The Ground Floor
On the ground floor, the two main rooms looking out towards the middle lake have been restored. These, along with the spectacular entrance hallway, complete with chandelier and the reception hall have all been brought back to their former glory. The reception hall is known as the “Apostles’ Hall” thanks to the carved wooden figures integrated into the panelling.
The two largest rooms on the ground floor are the dining room and the library. The dining room has the large central table laid, as if for a formal dinner, complete with all the different types of cutlery in the right places! I can only imagine what it would’ve been like to sit and enjoy a dinner here back in the day!
The next room is the library where the family and their guests would’ve retired to after dinner. From the dining room, it’s accessed through a secret door! I absolutely loved this! When closed, you genuinely wouldn’t notice the difference between it and the bookcases along the wall! Well almost… The only indication is the modern fire escape sign hanging above it from the ceiling.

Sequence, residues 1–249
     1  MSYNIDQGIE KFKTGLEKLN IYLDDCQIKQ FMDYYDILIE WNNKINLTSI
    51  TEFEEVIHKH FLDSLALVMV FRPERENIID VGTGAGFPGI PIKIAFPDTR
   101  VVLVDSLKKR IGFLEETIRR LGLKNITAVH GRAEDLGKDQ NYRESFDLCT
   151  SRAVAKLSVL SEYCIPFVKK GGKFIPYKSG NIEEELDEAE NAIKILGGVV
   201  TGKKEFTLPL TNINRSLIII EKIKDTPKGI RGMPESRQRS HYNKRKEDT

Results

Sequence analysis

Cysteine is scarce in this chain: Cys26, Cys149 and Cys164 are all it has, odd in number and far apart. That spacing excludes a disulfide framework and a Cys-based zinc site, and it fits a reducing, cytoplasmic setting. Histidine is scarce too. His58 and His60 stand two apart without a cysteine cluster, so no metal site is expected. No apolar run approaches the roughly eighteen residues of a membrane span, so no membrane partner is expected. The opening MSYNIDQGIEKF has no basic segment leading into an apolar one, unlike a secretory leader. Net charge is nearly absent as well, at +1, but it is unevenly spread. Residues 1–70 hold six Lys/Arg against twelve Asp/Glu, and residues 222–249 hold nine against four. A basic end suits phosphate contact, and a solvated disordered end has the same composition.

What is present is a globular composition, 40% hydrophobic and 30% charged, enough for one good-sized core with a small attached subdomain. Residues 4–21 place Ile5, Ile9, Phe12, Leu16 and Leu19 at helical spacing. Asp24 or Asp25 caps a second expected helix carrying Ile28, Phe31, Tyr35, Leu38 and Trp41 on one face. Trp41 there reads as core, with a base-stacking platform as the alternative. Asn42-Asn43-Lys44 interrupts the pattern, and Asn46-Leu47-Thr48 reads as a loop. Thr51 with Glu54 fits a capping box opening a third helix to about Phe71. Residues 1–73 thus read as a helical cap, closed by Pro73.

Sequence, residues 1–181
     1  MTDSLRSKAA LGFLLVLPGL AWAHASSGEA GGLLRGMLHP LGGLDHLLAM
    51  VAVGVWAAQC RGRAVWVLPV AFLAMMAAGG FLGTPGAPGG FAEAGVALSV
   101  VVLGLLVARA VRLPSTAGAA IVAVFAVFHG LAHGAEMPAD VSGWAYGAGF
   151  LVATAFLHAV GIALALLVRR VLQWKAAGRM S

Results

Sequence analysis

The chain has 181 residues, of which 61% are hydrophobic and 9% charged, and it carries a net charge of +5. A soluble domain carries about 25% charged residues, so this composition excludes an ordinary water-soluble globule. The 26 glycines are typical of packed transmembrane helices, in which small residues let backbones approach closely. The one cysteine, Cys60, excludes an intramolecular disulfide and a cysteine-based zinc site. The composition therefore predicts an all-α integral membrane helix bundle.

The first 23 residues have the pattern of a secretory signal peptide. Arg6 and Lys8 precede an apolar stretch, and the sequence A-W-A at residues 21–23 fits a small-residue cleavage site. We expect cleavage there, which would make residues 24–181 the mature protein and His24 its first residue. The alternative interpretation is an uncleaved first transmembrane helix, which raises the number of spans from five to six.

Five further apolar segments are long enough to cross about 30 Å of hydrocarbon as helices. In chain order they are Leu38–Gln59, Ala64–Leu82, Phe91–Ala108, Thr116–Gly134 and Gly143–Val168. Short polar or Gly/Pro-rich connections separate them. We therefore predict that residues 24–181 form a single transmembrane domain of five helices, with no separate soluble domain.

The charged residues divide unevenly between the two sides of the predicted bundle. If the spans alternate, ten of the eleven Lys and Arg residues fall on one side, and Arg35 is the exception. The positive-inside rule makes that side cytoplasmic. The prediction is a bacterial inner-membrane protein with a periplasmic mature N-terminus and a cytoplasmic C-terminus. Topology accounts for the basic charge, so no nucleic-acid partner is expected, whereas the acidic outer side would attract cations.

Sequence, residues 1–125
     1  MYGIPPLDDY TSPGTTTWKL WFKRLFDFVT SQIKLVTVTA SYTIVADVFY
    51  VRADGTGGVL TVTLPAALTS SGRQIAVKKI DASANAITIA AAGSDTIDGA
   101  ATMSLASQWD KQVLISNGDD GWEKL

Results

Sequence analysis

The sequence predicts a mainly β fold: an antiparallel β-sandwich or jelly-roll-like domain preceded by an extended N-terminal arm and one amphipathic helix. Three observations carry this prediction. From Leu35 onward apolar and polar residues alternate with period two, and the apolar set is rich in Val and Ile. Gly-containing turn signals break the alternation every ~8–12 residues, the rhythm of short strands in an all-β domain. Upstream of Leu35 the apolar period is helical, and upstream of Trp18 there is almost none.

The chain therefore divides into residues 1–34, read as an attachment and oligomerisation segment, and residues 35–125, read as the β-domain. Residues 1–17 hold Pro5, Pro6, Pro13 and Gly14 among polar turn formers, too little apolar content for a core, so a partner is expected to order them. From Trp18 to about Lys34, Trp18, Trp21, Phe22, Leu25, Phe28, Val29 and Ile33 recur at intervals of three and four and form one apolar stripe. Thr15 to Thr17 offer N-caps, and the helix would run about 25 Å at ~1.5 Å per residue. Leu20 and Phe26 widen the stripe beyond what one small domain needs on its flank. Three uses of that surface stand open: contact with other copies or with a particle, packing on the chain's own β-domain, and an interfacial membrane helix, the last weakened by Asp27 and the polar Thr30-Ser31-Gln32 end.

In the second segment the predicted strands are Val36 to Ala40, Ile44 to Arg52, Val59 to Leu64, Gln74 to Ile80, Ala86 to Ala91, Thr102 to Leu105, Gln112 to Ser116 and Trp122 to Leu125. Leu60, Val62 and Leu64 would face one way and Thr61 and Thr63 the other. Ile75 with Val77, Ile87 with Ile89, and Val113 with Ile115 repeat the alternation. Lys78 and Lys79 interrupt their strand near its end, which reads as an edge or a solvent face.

The library itself feels like a haven of peace and tranquility. Somewhere to sit and read without disturbance. The desk, beautifully positioned in the bay window, overlooks the middle lake in all its glory. Just off the library is a beautiful little circular room that, once upon a time, was a writing room.
Above the dining room and library are two similarly large and beautiful rooms. Once they may have been two drawing rooms, but now they have been restored as a beautiful drawing room and a bedroom. The drawing room has some spectacular furniture in it and has some delightful sections, including one around the exquisite fireplace and another overlooking the grounds.
The restored bedroom has some beautiful anti-rooms off it that have been restored to resemble dressing rooms for the Lord and Lady of the house. These little rooms contain some beautiful finishing touches that have the effect of transporting you back a few hundred years!